16th century guinea pig remains found in Belgium

Published on February 6th, 2012 | by Admin

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pig

The remains of guinea pigs have been found in Belgium, suggesting that the furry little creatures may have become fashionable pets after the Spanish conquest of Peru in 1532.

The third-ever guinea pig skeleton found in a European archaeological dig confirms that these little squeakers voyaged to the Old World very shortly after Spain conquered Peru in 1532. While the guinea pigs, also known as cavies, served as food in South America, they seem to have been treated as pets in Europe. They may have even been a privilege reserved for the relatively well-off, at least at first.

That was lucky news for at least one guinea pig whose skeleton was newly unearthed in Mons, Belgium, before the construction of a parking garage in the city. Excavations revealed the current city is built on top of an older village established in medieval times. The spot where the parking garage was to be built was once a sort of medieval suburb — a residential district right outside the town center.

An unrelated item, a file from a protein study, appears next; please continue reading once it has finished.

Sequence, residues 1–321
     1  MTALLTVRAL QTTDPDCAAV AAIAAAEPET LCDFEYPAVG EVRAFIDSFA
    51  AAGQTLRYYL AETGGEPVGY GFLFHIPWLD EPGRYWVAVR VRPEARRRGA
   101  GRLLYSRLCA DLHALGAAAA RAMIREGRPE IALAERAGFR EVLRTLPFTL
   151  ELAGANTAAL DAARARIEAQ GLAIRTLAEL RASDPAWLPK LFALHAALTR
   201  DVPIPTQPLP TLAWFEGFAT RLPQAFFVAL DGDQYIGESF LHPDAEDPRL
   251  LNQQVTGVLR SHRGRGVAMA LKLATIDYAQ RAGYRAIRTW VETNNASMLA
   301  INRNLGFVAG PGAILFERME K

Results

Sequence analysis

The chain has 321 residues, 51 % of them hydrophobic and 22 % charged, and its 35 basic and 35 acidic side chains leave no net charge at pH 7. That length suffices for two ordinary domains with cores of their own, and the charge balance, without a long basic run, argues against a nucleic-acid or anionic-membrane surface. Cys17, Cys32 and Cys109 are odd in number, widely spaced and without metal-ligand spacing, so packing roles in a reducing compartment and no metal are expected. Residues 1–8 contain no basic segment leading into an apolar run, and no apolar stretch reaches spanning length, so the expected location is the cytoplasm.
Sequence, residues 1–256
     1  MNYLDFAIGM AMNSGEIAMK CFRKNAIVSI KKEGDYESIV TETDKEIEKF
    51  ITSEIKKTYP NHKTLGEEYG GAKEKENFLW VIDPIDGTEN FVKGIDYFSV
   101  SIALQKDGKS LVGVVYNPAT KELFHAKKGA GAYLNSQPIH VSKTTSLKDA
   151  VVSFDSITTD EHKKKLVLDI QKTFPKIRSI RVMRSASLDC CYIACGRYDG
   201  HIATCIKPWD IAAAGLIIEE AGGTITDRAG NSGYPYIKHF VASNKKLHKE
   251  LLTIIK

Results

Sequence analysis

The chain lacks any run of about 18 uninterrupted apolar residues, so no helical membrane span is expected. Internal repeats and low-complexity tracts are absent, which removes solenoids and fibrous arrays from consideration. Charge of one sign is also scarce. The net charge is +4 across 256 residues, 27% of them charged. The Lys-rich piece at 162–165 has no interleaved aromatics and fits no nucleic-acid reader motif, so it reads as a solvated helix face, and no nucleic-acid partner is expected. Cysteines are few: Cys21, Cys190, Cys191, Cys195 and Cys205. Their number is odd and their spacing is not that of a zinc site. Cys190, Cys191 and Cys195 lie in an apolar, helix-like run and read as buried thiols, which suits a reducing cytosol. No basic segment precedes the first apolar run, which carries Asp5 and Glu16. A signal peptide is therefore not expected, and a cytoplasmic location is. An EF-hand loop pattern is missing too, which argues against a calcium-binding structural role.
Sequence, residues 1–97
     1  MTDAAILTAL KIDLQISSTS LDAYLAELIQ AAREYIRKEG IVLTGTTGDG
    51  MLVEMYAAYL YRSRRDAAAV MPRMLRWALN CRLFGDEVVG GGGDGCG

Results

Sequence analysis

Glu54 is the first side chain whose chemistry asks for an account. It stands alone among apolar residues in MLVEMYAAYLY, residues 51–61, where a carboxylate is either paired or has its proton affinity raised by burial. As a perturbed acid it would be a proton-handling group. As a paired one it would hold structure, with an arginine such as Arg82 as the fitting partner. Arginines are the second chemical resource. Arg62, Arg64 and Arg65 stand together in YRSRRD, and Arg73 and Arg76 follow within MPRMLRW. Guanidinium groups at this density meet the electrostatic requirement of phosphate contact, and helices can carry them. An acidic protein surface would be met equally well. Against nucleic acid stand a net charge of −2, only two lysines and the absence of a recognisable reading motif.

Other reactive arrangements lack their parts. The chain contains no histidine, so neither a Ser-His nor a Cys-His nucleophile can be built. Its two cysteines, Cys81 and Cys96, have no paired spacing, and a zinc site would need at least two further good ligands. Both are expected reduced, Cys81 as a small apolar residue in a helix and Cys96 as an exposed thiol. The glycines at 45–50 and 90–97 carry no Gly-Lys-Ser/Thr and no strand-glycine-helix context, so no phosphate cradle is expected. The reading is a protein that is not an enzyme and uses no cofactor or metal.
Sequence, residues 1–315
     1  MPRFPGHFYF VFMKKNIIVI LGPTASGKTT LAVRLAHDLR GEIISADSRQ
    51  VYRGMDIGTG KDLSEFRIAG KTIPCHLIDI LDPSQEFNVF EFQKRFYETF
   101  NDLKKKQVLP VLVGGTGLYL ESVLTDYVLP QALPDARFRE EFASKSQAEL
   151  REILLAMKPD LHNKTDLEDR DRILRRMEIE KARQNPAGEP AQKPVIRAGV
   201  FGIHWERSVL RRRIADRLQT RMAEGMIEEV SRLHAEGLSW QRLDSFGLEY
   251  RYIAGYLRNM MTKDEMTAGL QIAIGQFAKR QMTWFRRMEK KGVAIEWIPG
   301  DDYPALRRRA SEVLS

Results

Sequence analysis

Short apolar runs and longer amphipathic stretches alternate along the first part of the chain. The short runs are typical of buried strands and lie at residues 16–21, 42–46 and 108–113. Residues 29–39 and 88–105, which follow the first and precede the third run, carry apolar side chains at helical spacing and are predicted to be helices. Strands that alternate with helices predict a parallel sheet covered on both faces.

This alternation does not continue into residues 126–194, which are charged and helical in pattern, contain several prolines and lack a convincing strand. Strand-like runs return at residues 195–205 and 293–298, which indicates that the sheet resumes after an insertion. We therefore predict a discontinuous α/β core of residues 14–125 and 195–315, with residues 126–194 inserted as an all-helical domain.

[Full story]

Story: Stephanie Pappas, LiveScience | Photo: Miroslav Hlavko, Shutterstock

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